This time, Leo's curses were even more choice, but he managed to swallow most of them. Leo's elder brother, Dominic, Duke of Calder, had been sent to Russia on government business some weeks before. That left only Lord Jack, the youngest of the Aikenheads. He was an engaging lad, and both Dominic and Leo were very fond of him, but his scrapes were becoming increasingly expensive. Dominic and Leo, both older than Jack by more than ten years, had indulged their brother for too long, as both would now admit. Jack would soon be twenty-five, an age when he ought to be preparing to become master of his own estate. But he was still far from ready.

It seemed that life, to Jack, was one long, rollicking spree in which responsibility played no part. His problem would be gambling again, no doubt. Whereas Leo's tastes ran to women—and lots of them—Jack had a fascination for the gaming tables. Sadly, and predictably, he tended to lose much more than he won. Well, if he needed yet another tow out of River Tick, it was perhaps time to refuse. Let the boy struggle a bit and get the feeling of what it would be like to drown before anyone threw him a lifeline. It really was time he began to grow up.

Leo started for the door. Gibson reached to open it for him, but Leo stopped him, slapping a hand flat on the panel. 'How does Lord Jack seem on this occasion, Gibson?'

Gibson stared unblinkingly past his master's shoulder. 'Not… er… not precisely à point, my lord. As if he had undertaken his journey in some haste.'

'Hmm. Has he not brought his valet?'

'No, my lord. And no valise either.'

Leo grunted and flung open the door. If Jack had fled from London to The Larches without even taking the time to pack a valise, he was undoubtedly in deep, deep trouble.

His anger mounting, Leo strode down the corridor and into the blue saloon. 'So you decided to come and join my little orgy after all, brat?' Behind him, Gibson closed the door without a sound. 'Good of you to favour us with your company. Planning to remain long?'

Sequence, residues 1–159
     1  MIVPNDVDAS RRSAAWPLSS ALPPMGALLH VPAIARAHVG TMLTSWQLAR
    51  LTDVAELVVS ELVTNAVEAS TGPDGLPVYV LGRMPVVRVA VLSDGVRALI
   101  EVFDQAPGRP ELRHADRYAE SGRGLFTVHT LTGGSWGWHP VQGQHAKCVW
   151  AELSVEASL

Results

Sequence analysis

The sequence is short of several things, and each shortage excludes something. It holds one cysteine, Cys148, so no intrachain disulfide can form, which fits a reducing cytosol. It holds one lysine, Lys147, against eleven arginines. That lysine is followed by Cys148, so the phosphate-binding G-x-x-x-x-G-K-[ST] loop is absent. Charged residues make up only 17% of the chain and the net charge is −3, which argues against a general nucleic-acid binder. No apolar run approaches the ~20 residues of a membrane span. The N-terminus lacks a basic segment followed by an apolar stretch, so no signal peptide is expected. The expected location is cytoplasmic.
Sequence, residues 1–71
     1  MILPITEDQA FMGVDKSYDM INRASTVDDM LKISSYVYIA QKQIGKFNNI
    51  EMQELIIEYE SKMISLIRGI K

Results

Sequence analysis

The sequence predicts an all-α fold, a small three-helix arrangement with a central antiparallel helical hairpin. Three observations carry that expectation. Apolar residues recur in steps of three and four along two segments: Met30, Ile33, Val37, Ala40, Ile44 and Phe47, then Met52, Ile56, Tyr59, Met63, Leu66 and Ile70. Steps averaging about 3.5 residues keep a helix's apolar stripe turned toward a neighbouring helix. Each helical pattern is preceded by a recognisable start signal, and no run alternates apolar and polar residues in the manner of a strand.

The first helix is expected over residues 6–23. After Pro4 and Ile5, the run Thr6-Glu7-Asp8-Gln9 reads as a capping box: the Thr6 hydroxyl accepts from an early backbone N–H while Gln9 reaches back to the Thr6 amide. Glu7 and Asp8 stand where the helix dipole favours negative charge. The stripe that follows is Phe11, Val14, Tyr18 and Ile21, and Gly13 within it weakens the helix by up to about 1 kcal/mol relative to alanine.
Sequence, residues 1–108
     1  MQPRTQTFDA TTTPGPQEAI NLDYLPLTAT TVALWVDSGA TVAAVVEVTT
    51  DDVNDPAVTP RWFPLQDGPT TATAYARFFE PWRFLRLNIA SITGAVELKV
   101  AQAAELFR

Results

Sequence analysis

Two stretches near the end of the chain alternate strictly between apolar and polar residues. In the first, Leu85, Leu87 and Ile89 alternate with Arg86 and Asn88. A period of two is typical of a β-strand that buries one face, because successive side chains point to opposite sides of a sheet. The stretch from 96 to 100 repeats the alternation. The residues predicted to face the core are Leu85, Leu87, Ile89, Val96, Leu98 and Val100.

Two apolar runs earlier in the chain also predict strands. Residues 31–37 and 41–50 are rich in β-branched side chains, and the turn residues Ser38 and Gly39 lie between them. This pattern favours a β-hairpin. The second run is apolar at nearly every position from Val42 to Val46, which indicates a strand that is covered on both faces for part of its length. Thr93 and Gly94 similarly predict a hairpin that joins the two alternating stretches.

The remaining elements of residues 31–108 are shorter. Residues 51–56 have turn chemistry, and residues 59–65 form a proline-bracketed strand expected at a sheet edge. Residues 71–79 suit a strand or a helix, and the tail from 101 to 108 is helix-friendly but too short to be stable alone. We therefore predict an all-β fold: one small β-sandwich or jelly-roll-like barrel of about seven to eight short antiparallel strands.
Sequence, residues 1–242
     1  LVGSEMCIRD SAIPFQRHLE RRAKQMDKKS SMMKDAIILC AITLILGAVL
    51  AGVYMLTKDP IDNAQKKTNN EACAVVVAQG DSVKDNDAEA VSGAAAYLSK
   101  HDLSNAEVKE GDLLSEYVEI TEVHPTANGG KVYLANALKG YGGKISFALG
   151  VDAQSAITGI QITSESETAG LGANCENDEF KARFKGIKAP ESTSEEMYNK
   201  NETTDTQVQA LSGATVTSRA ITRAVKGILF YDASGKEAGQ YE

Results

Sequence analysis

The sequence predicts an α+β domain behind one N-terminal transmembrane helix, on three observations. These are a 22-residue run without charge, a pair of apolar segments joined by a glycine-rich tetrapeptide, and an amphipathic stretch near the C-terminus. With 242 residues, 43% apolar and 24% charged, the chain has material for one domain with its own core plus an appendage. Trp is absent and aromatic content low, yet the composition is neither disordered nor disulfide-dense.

Jack jumped up guiltily from the wing chair by the fireplace. There was the beginning of a flush on his neck. He was wearing evening clothes, with silk knee-breeches and hose, and dancing shoes. Totally inappropriate dress for driving well over a hundred miles. Leo let his gaze travel disapprovingly over his brother's dishevelled and grubby cravat, his creased coat, then on down to Jack's feet and, finally, back up to his face. Jack's mouth had opened, as if he were straining to speak. The flush had reached his cheekbones.

'Valet abandoned you at last, has he?' Leo said sardonically. 'Can't say I blame him. But we can't present you to the ladybirds looking as if you've been dragged through a hedge, y'know.'

Jack's jaw slackened and his mouth opened even wider.

Suddenly, Leo had had enough of playing games. 'Oh, sit down, for heaven's sake, and stop looking like the village idiot at the May fair. You've come hot-foot to The Larches, without so much as a spare cravat. So you're in trouble again. I take it you were planning to tell me what you've done this time?'

Without waiting for a response, Leo crossed to the small piecrust table by the window, poured two large brandies and thrust one of them into Jack's hand. Jack tossed it down in a single swallow and held out his empty glass for a refill. Leo said nothing. He set the empty glass aside and replaced it with his own full one. Jack barely seemed to notice the switch. Shaking his head, Leo took his seat in the wing chair opposite Jack's and waited for the story to tumble out.

Jack sighed out a long breath, took a large swig of his drink, and then sat forward in his chair with his elbows on his knees, nursing the brandy balloon in his cupped hands as if it were his most treasured possession. He stared at the floor. 'I'm in real trouble this time, Leo. I don't think even you can help me out of it.'